The church is built as a fortified church which served as a place of refuge during wendish incursions in the 13th century. At that time the stream on the east side of the church was a navigable fiord, rendering the surrounding villages an easy target for the wendish pirates. The architecture of the church displays both romanesque and gothic style features. The windows in the apse are romanesque round arches while the windows in the nave are gothic pointed arches. The yellow and grey memorial chapel on the southern side of the church was built in 1766-1769 by Count A. G. Moltke and drawn by C. F. Harsdorff. The neo-classical style contrasts the medieval brickwork of the church.
The original village was situated northwest of the church. A large part of the village was consumed in a great fire in 1804 and never rebuilt since the village was undergoing enclosure. Modern day Karise is centered around the railway station which was built in 1879. The railway connects Karise with neighbouring towns Fakse and Hårlev as well as Køge and Copenhagen.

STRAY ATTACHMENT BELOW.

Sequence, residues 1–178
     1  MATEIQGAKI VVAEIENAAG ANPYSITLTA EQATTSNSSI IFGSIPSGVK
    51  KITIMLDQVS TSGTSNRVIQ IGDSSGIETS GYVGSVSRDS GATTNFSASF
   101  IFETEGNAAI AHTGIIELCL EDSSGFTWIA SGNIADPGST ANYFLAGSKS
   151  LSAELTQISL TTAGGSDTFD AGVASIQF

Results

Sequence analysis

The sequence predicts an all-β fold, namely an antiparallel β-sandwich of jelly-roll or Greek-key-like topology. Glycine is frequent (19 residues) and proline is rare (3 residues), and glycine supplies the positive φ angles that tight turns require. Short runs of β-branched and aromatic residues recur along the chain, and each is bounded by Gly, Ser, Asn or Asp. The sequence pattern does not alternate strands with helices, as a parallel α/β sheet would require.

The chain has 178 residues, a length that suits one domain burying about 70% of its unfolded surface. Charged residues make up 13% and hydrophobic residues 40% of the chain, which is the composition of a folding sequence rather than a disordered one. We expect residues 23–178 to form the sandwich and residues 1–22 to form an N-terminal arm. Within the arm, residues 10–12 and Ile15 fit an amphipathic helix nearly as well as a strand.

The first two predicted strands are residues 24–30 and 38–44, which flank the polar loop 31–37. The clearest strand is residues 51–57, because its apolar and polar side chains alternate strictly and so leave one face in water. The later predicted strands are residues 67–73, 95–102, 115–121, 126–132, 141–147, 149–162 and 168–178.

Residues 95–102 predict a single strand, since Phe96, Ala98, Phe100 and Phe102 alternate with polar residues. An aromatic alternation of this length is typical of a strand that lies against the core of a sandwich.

According to the legend of Mrs. Marthe, her estate Karisegård was destroyed by wendish pirates. Mrs. Marthe fled to a small chamber above the apse of Karise Church and remained there until her property was reconstructed.
Poet and novelist B. S. Ingemann mentions the fictive person Karl of Riise in his historic novel Valdemar the Victorius (Danish: Valdemar Seier). Karl of Riise is the esquire of archbishop Absalon during the crusade against the Estonians. In the Battle of Lyndanisse in 1219, Karl af Rise is mentioned as the person, who caught the Danish flag, Dannebrog, when it fell from the sky.
The title of the Danish national play Elven Hill (Danish: Elverhøj) refers to a small mound situated 2.5 kilometers northeast of Karise.